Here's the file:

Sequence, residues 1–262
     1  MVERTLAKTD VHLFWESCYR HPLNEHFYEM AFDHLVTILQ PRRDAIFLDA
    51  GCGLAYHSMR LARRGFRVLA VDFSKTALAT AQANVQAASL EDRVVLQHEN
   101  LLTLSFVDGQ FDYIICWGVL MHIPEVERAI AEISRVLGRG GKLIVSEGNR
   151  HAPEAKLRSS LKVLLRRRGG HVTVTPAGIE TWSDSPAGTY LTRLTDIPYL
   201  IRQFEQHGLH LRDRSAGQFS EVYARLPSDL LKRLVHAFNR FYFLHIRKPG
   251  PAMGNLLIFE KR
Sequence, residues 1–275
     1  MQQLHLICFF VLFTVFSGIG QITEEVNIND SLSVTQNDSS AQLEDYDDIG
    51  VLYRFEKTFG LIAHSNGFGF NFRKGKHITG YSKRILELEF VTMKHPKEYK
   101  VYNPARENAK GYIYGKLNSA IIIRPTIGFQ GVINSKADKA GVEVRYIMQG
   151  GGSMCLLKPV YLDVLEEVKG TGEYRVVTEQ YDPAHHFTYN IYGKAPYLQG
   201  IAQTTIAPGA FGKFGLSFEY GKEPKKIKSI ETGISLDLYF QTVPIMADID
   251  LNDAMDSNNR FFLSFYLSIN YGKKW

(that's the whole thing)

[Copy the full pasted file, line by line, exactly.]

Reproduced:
Sequence, residues 1–262
     1  MVERTLAKTD VHLFWESCYR HPLNEHFYEM AFDHLVTILQ PRRDAIFLDA
    51  GCGLAYHSMR LARRGFRVLA VDFSKTALAT AQANVQAASL EDRVVLQHEN
   101  LLTLSFVDGQ FDYIICWGVL MHIPEVERAI AEISRVLGRG GKLIVSEGNR
   151  HAPEAKLRSS LKVLLRRRGG HVTVTPAGIE TWSDSPAGTY LTRLTDIPYL
   201  IRQFEQHGLH LRDRSAGQFS EVYARLPSDL LKRLVHAFNR FYFLHIRKPG
   251  PAMGNLLIFE KR
Sequence, residues 1–275
     1  MQQLHLICFF VLFTVFSGIG QITEEVNIND SLSVTQNDSS AQLEDYDDIG
    51  VLYRFEKTFG LIAHSNGFGF NFRKGKHITG YSKRILELEF VTMKHPKEYK
   101  VYNPARENAK GYIYGKLNSA IIIRPTIGFQ GVINSKADKA GVEVRYIMQG
   151  GGSMCLLKPV YLDVLEEVKG TGEYRVVTEQ YDPAHHFTYN IYGKAPYLQG
   201  IAQTTIAPGA FGKFGLSFEY GKEPKKIKSI ETGISLDLYF QTVPIMADID
   251  LNDAMDSNNR FFLSFYLSIN YGKKW